Why is positive news almost no news In Scotland? No. 2

– passage of the Domestic Abuse (Protection) (Scotland) Bill

By stewartb

Is there a recurring pattern here? It has been disappointing to find so little attention given in the news media in Scotland to an important event which occurred in the Holyrood Parliament on 18 March 2021. It was the passage of the Domestic Abuse (Protection) (Scotland) Bill.  This Government Bill was approved by 114 MSPs, with no dissenting votes and no abstentions.

The Law Society of Scotland reported:

‘MSPs unanimously supported the Domestic Abuse (Protection) (Scotland) Bill, which introduces two new forms of order, the domestic abuse protection notice, imposed by the police, to be followed by the domestic abuse protection order from the courts, which would ban suspected abusers from re-entering the home and from approaching or contacting the person at risk for a period of time to enable them to consider their longer-term options around safety and housing. 

‘The bill will also allow social landlords to end or transfer the tenancy of a perpetrator of domestic abuse to the victim. Its measures aim to reduce the risk that victims of domestic abuse end up having to become homeless in order to escape their abuser.’

The chief executive of Scottish Women’s Aid commented on the Bill’s passage: “Domestic abuse is the leading cause of women’s homelessness in Scotland and this bill will make an immediate and significant difference for those women and their children – granting them some safety and breathing space to seek support, to explore their housing options, and to consider life without an abuser in the next room controlling every move they even think about making.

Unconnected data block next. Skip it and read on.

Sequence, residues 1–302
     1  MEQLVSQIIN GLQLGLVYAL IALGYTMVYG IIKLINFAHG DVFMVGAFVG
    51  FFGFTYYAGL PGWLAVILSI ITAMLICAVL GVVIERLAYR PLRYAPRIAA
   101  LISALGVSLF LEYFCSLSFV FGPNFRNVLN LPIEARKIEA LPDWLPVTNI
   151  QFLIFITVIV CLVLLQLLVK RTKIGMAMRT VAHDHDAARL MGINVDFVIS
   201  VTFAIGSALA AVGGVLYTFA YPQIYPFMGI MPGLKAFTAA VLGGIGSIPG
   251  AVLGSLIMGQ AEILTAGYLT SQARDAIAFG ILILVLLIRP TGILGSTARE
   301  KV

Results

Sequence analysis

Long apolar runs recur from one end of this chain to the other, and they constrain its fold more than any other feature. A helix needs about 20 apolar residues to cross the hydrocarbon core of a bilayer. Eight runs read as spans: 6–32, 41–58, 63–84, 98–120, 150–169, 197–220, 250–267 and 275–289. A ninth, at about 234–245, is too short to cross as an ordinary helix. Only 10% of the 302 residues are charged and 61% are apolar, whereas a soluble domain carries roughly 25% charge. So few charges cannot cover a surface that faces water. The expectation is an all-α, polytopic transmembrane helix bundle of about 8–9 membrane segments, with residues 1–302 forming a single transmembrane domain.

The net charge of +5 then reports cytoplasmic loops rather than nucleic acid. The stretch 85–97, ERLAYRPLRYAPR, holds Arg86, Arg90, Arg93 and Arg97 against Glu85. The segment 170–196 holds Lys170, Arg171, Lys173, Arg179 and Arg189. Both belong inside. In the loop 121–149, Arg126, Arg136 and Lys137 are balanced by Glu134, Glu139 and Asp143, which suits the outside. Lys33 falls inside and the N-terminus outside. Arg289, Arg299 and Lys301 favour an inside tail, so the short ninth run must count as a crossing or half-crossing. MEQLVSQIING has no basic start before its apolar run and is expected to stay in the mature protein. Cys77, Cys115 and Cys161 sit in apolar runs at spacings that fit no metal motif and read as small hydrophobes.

“This legislation fills a giant gap in Scottish law by upholding the rights of women and children living with domestic abuse to stay safely in their own homes if they choose, and we look forward to working with the Government, and other partners, on implementation and evaluation.”

Source:

https://www.lawscot.org.uk/news-and-events/legal-news/further-domestic-abuse-control-powers-passed-by-msps/

The national director of the Chartered Institute for Housing (CIH) Scotland is quoted in Scottish Housing News saying: 

“We very much welcome the passing of the Bill which will improve the housing rights of victim-survivors.

“We know domestic abuse is the principle cause of homelessness for women but the law did not previously give enough protection to victim-survivors to safeguard their housing rights. This legislation will now give victims of domestic abuse housing rights and options that were previously unavailable – including the option of staying in their home. A key ask from our domestic abuse campaign, Make a Stand.”

8 thoughts on “Why is positive news almost no news In Scotland? No. 2